1. Limit social media time and avoid it when you aren’t feeling good.
Quitting social media can be hard, as it’s addictive. But it can also free up a surprising amount of energy and time. Not sure you want to? Give yourself a wakeup call by timing your use for the next few days and keeping a diary of what your mood is like just before and after you use it.
2. If you must compare upwards, learn the habit of balance.
If you can’t stop comparing yourself to people you are convinced are above you, fine.
Counteract it by listing one unrealistic thing about the person for each comparison you make, or finding one balanced thought.
“She has a better body than me” then involves, “but wait, she hasn’t had any children, or has the budget for a private trainer”. “She is way happier than me” can be balanced by, “but I don’t know her and nobody is happy all the time”, etc.
3. Practise gratitude. Yes, seriously.
It’s annoying as it seems everyone goes on about it, but that’s simply as it works. Gratitude is actually evidence based, proven to up your moods and even help your sleep. So whether or not it’s still trendy to keep a gratitude journal, do give it a go. Or use a gratitude app if it’s easier.
4. Use comparison for better perspective only.
If you must compare, use it to widen your perspective. This can be downward comparison ( to someone in a Third World country I live like a queen). But it can also can be comparing upwards if used to bring humour or relief. For example, “I am terrified of giving this presentation because I’m terrible at them and will never be as good as an Oscars presenter…. but it’s not stars here, it’s just my colleagues!”.
5. How to stop comparing yourself to others? Compare yourself to… yourself.
Too often we forget to see how far we’ve come. Comparing your life now to your life when younger can be life-affirming. So yes, you might have been passed over for a promotion recently. But did you ever think when in your twenties and a receptionist you’d even be in the running one day for Manager of Operations?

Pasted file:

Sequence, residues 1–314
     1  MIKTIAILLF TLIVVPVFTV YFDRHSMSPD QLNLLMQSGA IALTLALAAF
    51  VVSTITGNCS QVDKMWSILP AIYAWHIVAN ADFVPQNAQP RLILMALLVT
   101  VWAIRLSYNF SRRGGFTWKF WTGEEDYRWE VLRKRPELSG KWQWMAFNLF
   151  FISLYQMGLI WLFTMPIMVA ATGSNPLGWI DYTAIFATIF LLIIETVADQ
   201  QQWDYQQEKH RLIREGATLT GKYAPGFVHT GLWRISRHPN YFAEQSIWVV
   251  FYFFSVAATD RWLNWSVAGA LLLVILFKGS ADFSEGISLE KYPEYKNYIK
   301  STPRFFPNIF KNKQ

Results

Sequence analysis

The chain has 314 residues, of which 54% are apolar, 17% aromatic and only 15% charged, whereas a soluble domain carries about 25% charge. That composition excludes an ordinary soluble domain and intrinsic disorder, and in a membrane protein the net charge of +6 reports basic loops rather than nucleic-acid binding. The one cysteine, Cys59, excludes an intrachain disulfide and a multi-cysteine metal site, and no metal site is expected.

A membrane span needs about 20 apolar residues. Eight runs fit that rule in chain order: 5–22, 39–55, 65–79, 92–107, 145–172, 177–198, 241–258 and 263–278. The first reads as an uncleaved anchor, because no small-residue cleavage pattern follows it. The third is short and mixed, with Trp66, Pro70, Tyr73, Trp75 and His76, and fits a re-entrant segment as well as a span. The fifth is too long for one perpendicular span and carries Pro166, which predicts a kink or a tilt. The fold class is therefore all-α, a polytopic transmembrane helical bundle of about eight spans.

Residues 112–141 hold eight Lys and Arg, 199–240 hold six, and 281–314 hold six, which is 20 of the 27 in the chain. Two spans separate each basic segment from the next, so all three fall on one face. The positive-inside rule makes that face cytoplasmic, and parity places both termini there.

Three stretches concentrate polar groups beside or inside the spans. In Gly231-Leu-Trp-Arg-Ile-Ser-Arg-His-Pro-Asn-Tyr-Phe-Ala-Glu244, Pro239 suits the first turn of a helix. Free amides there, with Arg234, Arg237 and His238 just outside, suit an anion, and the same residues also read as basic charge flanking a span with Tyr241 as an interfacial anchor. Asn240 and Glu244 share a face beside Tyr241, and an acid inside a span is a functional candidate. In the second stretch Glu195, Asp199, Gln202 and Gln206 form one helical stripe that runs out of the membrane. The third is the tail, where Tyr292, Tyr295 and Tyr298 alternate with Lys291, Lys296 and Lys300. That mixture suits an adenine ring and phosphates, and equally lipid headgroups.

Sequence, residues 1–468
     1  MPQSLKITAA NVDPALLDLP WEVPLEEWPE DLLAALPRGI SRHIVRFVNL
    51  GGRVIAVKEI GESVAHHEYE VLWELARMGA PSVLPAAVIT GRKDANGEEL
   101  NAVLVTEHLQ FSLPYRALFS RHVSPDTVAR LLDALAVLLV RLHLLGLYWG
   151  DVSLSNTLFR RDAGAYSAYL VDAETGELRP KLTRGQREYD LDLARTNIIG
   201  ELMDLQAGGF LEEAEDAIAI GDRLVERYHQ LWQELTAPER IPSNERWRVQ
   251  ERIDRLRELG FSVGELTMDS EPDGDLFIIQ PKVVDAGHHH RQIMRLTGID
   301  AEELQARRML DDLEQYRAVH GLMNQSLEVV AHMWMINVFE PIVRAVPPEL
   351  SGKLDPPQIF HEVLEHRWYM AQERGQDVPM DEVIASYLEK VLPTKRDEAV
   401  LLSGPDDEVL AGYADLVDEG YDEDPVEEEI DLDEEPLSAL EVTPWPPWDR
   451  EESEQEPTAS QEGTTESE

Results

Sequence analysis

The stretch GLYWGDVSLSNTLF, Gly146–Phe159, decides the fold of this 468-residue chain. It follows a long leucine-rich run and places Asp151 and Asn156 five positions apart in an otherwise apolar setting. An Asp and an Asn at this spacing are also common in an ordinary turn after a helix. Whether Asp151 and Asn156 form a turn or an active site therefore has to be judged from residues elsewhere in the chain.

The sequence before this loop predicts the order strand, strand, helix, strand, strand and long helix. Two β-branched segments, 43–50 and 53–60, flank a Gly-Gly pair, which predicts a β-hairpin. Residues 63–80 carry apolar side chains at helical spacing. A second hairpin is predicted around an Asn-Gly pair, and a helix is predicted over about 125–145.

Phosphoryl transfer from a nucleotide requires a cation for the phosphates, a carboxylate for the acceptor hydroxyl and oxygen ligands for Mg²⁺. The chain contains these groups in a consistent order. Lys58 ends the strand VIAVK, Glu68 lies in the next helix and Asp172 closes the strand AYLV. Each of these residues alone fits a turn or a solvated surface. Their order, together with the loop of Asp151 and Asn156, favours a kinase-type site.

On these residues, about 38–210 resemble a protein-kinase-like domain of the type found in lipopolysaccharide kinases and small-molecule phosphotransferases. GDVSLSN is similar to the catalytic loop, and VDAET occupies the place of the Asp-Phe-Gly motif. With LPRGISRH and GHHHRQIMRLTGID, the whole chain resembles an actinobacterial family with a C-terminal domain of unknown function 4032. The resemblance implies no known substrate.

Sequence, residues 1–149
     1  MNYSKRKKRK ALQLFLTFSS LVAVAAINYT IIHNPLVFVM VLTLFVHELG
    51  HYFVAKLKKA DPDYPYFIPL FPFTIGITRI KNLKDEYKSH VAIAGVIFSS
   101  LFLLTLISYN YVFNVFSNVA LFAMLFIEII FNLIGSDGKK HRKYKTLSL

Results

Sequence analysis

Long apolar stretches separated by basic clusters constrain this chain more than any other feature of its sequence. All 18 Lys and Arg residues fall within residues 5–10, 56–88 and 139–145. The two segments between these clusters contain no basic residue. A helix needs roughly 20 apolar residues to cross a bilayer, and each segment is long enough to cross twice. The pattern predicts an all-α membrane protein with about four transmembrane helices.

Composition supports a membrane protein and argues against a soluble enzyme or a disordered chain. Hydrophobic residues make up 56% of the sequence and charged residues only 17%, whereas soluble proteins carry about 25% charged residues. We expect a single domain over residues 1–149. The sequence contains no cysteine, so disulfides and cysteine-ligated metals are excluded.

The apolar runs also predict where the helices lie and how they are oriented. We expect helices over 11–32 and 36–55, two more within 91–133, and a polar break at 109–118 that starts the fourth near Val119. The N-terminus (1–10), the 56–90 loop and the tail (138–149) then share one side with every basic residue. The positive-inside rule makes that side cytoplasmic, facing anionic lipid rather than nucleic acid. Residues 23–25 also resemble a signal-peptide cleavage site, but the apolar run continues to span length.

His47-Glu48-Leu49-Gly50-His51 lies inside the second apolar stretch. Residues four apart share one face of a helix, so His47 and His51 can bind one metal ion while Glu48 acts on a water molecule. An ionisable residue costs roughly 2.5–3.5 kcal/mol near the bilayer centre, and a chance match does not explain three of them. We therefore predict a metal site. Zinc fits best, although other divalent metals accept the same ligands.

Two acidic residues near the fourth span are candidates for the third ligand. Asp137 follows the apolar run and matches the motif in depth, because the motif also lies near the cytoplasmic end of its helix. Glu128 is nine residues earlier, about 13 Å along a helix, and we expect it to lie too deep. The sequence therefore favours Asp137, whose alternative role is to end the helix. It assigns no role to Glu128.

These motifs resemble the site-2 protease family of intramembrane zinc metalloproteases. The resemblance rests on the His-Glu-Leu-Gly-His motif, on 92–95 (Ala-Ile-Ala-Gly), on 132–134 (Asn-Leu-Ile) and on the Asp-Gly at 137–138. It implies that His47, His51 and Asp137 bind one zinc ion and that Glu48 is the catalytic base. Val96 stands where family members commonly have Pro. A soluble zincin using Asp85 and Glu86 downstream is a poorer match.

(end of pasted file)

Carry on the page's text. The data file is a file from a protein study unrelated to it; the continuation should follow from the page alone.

Self-comparison and mental health
Is it possible that you self-compare because you are dealing with mental health issues? Yes. In newer research, Gibbons and Buunk found that certain groups of people were more likely to self-compare. This includes those who are sensitive, have high empathy, low self-esteem, or who are neurotic or narcissistic.
Given that low self-esteem is a leading symptom of depression, they also looked at how those who were depressed used social comparison. They found that if you are depressed and use comparison to find easily achievable goals, it can be helpful. But that comparing yourself to things that are very out of reach can send your moods spiralling.
Note that attention deficit hyperactivity disorder (ADHD) can also lead to a lot of self comparison. Adults with ADHD are often high potential individuals, but their own brain is working against them. The end result can be a constant sense of not living up to your potential. And this sees you endlessly comparing yourself to those you are sure you would be like, if it weren’t for your attention issues.
Can’t stop comparing yourself to others to the point you’re depressed? We connect you with a hand-selected team of top London talk therapists in lovely central offices. Or use our sister site to find therapy listings covering all of the UK.
Andrea M. Darcy is a health and wellbeing expert, trained in person-centred counselling and coaching. She often writes about trauma, relationships, and ADHD, and advises people on how to plan their therapy journey. Find her on Instagram @am_darcy